By Victoria Piroian
It has been said that those who know the past can predict the future. As humans repeat their mistakes over and over again, we start to see patterns in our beliefs, the ways we solve problems, and our way of life. We can see this in the written works of famous historians. Though it plays a huge role in how billions of people around the world understand our modern society, as well as the way of thinking, that has gotten us here, it all starts from schools. Schools educate youth on history and its importance, and in turn, change the way they write and understand what they read. I have studied the history of humanity in school, and on my own. As a student, I can see the ways in which it changed how I write and interpret what I read. Understanding, and being able to create context, is one of the most important roles of historical education in the international community, which is why we must delve deeper, and make sure we completely understand why.
Let us begin on the topic of literature. Some of the most important theories on human psychology, the paradox of time, and the evolution of societies are found in books. A novel may be very rich in quality, but one may not be able to understand, or correctly interpret it because of the lack of background knowledge or context. In schools, students learn how to analyze historical texts, and understand the context, alongside the subject. For example, when they study the Second World War, or the abolishment of slavery, students are exposed to different events from different times. After having understood what happened, the cause, and the effect of the event, students are more likely to make educated choices and correctly understand what they read.
I have seen the way I interpret what I read change drastically over the past two years. In this time I have studied the history of Indigenous peoples, the two World Wars, and the waves of feminism. The Second World War is studied by everyone around the world, so let us use it as an example, for simplicity’s sake. During my grade ten history course I saw the motives on both sides, and the consequences they suffered. Now, when I read novels on the same topic, such as The Nightingale, and The Alice Network, I can make connections to what I already know. Even when I am not reading a historical book, my mind will go through thousands of scenarios that may happen, because I know what has happened in the past, and most books have a realistic and historic base. You’ll find it if you dig deep enough.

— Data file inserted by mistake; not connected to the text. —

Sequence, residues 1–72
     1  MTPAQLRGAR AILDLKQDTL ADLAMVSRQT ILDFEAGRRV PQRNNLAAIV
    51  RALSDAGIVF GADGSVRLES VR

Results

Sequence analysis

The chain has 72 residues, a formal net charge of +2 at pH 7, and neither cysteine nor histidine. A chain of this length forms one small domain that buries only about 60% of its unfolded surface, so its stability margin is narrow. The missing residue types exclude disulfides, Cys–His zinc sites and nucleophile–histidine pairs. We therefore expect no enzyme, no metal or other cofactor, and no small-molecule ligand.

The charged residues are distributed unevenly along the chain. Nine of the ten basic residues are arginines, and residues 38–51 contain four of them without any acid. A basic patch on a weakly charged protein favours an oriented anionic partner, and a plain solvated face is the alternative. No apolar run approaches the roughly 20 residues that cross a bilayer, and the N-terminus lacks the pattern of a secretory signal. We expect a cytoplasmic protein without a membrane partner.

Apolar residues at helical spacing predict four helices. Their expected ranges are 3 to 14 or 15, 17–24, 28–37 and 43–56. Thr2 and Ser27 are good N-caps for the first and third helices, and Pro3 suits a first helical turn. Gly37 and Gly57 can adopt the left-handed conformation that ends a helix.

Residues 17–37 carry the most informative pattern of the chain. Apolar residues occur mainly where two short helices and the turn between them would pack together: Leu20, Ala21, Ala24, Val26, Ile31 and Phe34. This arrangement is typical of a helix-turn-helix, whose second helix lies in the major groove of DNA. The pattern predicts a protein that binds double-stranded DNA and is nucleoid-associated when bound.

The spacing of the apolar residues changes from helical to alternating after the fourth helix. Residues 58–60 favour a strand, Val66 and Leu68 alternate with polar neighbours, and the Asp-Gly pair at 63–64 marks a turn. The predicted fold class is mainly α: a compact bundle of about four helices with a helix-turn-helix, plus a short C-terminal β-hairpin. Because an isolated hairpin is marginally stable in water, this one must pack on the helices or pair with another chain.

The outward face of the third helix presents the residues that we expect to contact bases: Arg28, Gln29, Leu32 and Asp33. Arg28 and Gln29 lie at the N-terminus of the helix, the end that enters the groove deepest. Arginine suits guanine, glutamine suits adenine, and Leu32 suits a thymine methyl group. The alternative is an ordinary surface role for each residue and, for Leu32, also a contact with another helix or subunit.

Then again, the classroom is not the only place where one can learn about history. By traveling to some of the world’s most ancient cities we can still see the buildings from the first century, basilicas and churches dating back hundreds of years, and even monumental structures built B.C.E. by ancient civilizations. The summer after my tenth grade I went to Rome, Italy. One of the most famous cities, renowned for its rich history in art and culture. There I learned so much about ancient societies, law, art, and traditions. I could relate so many book that I have read to my trip, ex: The Lunar Chronicles where a tyrant rules on the moon. Not that they were all on the topic of ancient Rome, but the plots were so similar to reality. This experience also allowed me to see the legendary emplacements with my own eyes. Now every time I read a book I will always see the similarities between reality and the fictitious plot, because they are based on what we know, and history is one of the only things we can be sure that we know (excluding prehistoric times). Now, I will be able to predict what is to come so much more accurately than before.